“Internal” in table 1 means that input light (reference light) does not extend to the object to be measured. A structure having the measurement light optical fiber 201 looped and the reference light optical fiber 202 internally located is shown in FIG. 30. This structure is equivalent to the structure of FIG. 1. The remaining structure is the same as FIG. 28, and so description of sections having the same reference numerals will be omitted.

“Reflected” in table 1 means that light input to the optical fiber (measurement light and reference light) is reflected at the end of the optical fiber. FIG. 31 shows a structure where either the measurement light optical fiber 201 or the reference light optical fiber 202 is made a “reflected” structure. Measurement light and reference light are reflected at end portions 201 a and 202 a and returned. Returned light is combined by the coupler 24, via the couplers 25 and 26, and transmitted to the detection section 3. The remaining structure is the same as FIG. 28, and so description of sections that have the same reference numerals will be omitted. With this structure, in the case of using reflection, there is the advantage that installation is easy because the optical fiber is allowed to extend to a fiber laying location and appropriately cut at the end.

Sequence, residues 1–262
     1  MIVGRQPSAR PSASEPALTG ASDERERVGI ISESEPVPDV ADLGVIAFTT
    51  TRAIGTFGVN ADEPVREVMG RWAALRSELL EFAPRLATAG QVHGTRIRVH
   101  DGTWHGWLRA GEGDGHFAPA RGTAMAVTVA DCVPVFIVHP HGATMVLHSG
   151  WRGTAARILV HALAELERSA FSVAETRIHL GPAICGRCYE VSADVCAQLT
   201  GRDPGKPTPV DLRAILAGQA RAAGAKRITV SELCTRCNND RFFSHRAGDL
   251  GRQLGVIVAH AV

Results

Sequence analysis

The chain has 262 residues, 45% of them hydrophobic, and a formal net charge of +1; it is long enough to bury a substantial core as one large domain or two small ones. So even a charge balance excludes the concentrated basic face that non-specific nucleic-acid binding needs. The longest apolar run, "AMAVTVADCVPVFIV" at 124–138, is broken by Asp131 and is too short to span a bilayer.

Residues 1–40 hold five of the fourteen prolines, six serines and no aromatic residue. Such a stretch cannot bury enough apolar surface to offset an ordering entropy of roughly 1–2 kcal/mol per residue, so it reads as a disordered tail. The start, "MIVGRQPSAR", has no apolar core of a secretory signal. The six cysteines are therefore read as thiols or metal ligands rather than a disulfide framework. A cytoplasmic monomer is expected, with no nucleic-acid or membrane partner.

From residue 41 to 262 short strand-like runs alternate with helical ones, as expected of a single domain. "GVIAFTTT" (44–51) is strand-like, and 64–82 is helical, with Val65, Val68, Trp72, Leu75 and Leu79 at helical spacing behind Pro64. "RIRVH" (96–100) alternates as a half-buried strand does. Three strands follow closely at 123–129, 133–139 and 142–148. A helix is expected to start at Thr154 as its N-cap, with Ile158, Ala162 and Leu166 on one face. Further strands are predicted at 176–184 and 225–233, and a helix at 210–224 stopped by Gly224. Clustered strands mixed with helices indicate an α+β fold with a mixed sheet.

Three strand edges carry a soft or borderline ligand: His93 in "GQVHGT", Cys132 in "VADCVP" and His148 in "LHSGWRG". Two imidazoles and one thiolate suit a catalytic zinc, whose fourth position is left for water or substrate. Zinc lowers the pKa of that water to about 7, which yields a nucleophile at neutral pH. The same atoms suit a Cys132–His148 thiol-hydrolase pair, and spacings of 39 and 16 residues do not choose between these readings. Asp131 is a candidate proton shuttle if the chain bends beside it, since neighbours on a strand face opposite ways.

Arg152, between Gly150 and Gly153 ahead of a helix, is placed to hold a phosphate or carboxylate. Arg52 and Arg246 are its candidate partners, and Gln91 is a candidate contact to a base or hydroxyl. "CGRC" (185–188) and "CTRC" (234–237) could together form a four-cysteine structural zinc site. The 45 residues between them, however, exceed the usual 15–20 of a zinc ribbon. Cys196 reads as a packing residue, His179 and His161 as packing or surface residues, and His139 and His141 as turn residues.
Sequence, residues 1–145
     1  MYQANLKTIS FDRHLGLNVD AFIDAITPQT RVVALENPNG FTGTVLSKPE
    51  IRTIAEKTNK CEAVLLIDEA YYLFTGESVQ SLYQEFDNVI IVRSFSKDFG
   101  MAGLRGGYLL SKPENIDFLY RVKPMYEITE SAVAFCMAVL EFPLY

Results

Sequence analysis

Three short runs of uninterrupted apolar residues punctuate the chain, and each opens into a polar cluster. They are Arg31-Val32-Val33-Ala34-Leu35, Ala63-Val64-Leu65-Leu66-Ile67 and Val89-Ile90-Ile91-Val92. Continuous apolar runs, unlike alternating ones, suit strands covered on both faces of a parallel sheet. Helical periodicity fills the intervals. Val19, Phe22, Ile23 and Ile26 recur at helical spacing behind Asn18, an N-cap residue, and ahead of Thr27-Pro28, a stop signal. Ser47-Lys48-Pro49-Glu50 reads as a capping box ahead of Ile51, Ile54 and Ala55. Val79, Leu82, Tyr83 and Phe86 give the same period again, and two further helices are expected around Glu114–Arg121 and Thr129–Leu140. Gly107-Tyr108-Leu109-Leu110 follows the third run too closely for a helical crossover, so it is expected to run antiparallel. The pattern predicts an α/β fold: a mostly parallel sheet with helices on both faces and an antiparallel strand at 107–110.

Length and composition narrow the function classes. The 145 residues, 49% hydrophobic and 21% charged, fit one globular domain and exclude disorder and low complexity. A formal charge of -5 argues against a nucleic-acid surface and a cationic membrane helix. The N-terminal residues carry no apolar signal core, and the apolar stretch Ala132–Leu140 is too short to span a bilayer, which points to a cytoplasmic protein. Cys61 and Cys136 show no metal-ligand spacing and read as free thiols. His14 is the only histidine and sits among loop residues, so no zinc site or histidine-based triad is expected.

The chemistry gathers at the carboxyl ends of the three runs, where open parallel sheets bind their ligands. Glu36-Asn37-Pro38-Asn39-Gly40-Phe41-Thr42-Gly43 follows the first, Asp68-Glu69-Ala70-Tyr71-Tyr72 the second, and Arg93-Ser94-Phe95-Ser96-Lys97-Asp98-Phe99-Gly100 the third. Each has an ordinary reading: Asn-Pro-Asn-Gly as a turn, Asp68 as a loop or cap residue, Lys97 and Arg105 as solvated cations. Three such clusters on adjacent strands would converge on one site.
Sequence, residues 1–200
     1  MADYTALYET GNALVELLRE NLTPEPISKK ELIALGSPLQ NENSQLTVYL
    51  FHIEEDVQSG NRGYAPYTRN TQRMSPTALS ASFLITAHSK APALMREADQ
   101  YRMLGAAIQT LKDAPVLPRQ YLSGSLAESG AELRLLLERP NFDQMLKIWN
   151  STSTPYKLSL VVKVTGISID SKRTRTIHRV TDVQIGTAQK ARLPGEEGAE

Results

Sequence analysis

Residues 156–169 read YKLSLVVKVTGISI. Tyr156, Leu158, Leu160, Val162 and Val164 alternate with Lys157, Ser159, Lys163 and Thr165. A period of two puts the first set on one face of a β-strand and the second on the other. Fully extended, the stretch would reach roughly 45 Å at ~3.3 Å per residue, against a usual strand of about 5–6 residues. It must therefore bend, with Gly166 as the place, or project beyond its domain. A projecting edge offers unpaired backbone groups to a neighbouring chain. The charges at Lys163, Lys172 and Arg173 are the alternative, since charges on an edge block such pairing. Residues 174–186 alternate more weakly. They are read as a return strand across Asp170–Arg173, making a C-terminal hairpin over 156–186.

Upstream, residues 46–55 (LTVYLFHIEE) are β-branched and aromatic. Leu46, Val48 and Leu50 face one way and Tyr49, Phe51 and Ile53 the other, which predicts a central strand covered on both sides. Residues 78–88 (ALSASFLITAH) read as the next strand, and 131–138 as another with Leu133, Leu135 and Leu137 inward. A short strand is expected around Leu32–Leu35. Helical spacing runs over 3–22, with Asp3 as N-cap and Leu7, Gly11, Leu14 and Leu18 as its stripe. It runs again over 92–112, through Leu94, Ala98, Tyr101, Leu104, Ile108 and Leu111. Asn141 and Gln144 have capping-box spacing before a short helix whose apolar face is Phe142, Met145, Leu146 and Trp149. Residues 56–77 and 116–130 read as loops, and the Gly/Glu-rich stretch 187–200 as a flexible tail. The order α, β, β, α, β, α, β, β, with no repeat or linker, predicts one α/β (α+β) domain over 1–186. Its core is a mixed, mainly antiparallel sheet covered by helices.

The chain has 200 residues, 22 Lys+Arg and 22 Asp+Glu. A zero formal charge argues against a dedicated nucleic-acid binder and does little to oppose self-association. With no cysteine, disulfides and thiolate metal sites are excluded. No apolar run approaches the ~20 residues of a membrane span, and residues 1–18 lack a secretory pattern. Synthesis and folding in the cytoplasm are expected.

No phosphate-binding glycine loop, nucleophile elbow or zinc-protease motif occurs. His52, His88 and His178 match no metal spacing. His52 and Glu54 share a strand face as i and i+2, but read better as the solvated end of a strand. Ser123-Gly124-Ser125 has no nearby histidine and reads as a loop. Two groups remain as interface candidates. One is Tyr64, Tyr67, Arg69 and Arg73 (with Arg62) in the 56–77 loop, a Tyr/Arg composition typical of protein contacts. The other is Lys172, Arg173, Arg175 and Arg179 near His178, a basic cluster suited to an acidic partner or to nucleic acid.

There is also the advantage that by making the measurement light optical fiber 201 and the reference light optical fiber 202 the same optical path length it is possible to match light frequency dispersion, with the result that measurement precision is improved.

Further, by locating the measurement light optical fiber 201 and the reference light optical fiber 202 in the same path, vibration noise from outside the path is equal, and as a result there is the advantage that it is possible to cancel vibration noise.

Next, a measurement device of a ninth embodiment of the present invention will be described based on FIG. 32. In this embodiment, the optical fiber 2 is loped around a sphere 9. In this way, the curved section 20 is arranged around the sphere 2.

According to this measurement device, vibration applied to the sphere 9 can be detected using the curved section 20. Accordingly, there is the advantage that it is possible to perform vibration measurement in three dimensions.

Next, a measurement device of an tenth embodiment of the present invention will be described based on FIG. 33-FIG. 36. In this embodiment, the optical fiber 2 is not looped around, but open ends (refer to FIG. 2) are made close to each other at the curbed section 20 of the optical fiber 2. The measurement device therefore has three curved sections 20, as shown in FIG. 33. The optical fiber 2 having this curved section 20 is embedded inside the elastic material (for example, urethane rubber) 50 (refer to FIG. 34). However, the optical fiber 2 can also be attached onto the surface of the elastic member 50.